Building on the success of the GM Food Providers Map and the groundwork laid by the Food Banks and Beyond group, the creation of a GM-wide network of Food Support projects, services and organisations. A well-established partnership will make the Food support sector more effective by creating a network of mutual support for frontline staff and volunteers and, most importantly, will help be a driver for quality and ensure the provision of high quality services across Greater Manchester. This will also help to facilitate conversations about reducing reliance on food support in the long-term.

Action: creation of a full-time staffing post to provide coordination for this network.

Funding will be applications submitted – including to local bodies such as CCGs, Public Health, Local Authorities and Local Housing Providers as well as funders such as Big Lottery and Esmée Fairbain.

Action: creation of a set of key principles for organisations to sign up to, to help drive up standards and ensure we are placing the needs of people experiencing food poverty and food insecurity at the heart of all services.

Membership of the GMFPA Food Banks and Beyond Group, and Network Coordinator to draft principles.

Action: creation of partnerships at a GM level between the Food Support network and other services such as Debt Advice, Benefit Support, Housing Support, Language & Literacy Support, Cooking Classes etc. to ensure that people accessing the Food Support sector have easy access to other support, including Fuel Support vouchers, the Warm Homes Discount, and access to funds that can help reduce debt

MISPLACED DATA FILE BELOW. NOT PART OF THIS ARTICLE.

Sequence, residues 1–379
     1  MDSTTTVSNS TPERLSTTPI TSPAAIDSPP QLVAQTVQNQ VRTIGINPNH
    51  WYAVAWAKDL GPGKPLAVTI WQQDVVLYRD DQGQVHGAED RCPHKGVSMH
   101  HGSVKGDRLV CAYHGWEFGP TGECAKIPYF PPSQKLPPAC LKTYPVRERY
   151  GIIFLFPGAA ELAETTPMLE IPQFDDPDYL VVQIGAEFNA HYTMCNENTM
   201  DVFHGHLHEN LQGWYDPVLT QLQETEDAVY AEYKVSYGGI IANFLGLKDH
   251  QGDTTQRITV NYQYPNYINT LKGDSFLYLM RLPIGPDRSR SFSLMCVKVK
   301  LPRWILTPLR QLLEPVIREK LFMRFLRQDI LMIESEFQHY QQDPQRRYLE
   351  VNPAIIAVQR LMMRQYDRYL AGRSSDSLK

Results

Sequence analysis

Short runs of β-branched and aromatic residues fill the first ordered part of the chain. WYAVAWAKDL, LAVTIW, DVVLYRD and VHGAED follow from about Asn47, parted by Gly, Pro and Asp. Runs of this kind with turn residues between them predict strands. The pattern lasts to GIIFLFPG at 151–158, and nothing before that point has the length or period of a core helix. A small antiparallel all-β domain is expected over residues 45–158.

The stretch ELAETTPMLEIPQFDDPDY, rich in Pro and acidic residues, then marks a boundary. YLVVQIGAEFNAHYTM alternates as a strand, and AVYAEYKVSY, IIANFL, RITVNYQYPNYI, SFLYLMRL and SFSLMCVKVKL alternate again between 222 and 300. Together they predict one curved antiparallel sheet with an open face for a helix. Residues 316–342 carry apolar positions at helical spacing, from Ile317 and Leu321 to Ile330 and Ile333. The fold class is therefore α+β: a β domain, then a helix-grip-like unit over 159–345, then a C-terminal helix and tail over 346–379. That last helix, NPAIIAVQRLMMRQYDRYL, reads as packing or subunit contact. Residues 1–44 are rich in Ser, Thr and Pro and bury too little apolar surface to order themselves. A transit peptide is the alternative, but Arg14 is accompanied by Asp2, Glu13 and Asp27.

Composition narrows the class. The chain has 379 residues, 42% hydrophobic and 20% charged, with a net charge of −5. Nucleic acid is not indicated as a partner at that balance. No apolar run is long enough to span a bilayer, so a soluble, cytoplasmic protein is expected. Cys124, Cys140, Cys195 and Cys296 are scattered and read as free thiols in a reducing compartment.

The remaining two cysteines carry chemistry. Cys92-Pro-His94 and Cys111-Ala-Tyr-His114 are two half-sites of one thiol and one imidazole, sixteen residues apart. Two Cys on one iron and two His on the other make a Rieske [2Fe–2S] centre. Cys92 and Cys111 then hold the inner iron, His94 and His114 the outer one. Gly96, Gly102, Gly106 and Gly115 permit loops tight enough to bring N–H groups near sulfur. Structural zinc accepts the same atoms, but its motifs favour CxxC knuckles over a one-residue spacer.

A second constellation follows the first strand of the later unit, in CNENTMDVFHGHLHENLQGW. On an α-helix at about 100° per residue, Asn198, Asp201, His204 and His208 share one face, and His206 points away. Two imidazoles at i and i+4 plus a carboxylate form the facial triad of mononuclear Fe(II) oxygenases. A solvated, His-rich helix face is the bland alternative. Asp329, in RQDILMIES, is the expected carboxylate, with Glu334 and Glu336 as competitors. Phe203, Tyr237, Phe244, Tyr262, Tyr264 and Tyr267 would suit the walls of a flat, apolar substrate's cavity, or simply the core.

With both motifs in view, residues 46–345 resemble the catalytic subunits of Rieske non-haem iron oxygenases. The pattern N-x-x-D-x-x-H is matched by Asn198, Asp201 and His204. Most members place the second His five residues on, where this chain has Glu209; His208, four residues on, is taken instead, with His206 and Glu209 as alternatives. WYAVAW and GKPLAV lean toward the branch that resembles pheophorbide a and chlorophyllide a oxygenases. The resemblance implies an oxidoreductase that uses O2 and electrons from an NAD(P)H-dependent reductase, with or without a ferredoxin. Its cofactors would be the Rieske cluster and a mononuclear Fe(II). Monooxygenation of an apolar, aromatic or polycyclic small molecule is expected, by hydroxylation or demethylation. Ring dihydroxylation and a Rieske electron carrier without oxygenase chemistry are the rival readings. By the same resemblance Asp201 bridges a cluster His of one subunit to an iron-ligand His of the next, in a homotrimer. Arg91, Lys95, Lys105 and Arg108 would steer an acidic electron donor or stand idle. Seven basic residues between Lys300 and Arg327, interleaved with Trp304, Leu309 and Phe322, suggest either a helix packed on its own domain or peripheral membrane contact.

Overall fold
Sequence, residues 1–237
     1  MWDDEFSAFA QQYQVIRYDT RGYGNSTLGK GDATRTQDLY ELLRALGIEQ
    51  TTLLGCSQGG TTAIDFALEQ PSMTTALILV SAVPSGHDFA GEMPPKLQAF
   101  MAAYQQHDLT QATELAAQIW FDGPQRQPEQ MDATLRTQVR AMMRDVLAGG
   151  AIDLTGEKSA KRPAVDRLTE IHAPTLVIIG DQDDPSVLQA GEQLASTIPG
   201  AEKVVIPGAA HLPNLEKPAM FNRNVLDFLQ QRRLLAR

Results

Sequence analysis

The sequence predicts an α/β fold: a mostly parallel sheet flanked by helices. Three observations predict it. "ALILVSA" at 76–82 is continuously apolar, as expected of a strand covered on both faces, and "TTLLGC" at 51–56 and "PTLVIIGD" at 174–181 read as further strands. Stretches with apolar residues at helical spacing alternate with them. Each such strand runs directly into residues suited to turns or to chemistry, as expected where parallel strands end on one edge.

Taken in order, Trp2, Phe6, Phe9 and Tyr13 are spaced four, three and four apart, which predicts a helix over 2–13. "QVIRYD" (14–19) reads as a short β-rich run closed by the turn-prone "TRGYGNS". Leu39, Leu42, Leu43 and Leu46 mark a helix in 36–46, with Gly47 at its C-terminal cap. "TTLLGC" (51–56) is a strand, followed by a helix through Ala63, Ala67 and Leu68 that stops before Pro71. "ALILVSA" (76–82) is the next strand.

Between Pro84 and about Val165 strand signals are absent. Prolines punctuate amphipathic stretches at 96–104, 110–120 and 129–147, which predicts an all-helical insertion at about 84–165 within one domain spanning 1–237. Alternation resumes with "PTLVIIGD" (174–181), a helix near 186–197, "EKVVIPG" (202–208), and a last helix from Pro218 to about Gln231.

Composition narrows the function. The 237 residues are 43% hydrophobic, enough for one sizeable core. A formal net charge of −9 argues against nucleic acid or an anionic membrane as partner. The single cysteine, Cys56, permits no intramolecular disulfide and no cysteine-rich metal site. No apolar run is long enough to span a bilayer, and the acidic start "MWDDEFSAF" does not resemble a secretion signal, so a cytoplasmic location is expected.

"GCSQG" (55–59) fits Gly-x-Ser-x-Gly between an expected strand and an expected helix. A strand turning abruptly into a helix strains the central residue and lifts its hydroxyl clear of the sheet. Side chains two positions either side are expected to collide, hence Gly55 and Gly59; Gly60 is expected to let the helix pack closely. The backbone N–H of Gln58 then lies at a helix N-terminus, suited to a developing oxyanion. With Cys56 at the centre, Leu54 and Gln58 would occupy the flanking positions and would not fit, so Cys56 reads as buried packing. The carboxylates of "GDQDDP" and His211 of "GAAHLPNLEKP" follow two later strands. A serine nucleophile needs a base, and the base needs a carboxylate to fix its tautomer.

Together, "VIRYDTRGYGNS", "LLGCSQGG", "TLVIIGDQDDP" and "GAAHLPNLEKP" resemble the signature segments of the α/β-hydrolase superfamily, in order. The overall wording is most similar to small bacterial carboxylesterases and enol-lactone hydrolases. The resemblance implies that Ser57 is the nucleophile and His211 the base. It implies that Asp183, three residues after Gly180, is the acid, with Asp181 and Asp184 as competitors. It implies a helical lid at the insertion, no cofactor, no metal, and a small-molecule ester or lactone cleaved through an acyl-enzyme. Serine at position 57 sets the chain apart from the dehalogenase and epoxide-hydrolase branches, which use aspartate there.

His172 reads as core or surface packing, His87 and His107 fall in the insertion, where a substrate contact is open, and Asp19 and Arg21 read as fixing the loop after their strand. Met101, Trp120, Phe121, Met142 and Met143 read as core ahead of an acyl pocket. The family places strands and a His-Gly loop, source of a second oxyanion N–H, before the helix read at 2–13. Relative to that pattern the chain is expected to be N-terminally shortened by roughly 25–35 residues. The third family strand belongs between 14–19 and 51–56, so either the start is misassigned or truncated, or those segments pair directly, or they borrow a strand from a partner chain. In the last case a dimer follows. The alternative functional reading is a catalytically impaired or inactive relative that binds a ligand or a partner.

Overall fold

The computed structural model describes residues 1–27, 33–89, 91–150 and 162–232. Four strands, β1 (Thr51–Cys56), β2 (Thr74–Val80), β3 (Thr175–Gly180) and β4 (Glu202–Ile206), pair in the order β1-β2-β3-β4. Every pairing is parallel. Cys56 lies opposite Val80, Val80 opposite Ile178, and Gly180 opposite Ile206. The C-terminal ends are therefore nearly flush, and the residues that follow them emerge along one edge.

Department for Work and Pensions

Citizen’s Advice Bureau

JobCentre Plus

Adult Education Providers

Encourage independent food support providers to collect and submit data on use of food support projects, and using that data to influence decision-making

Food Support Providers

Action: Provide training and networking opportunities for food support projects.

Network Coordinator

Training Providers

Action: support the roll out of the provision of fuel vouchers to complement the provision of Food Parcels and low cost food, to ensure that people experiencing both food crisis and food insecurity have the fuel needed to cook meals.

Electricity North West


National Energy Action

Aim 2: Development of a free online platform for the Food Support Sector

We need a free online platform (akin to the site created for the homelessness sector), which would allow organisations to create a profile and update their information, as well as allowing for front line staff and service users to access correct information about services (particularly outlining how and when service users can access a service). The platforms could also be utilised to promote seasonal responses to food insecurity by including projects that aim to tackle “holiday hunger” by providing no-cost/low-cost meals and activities for children and their families during the school holidays. This site may also offer a more strategic way for general public to engage with the Food Support Sector by offering a place for frontline services to outline their specific needs (both in terms of donations of items and financial resources, as well as volunteers).

Action: Secure funding or in-kind support for the creation of this platform

Action: commitment from existing Food Support services/projects to using the platform and to keeping their own information accurate and up to date.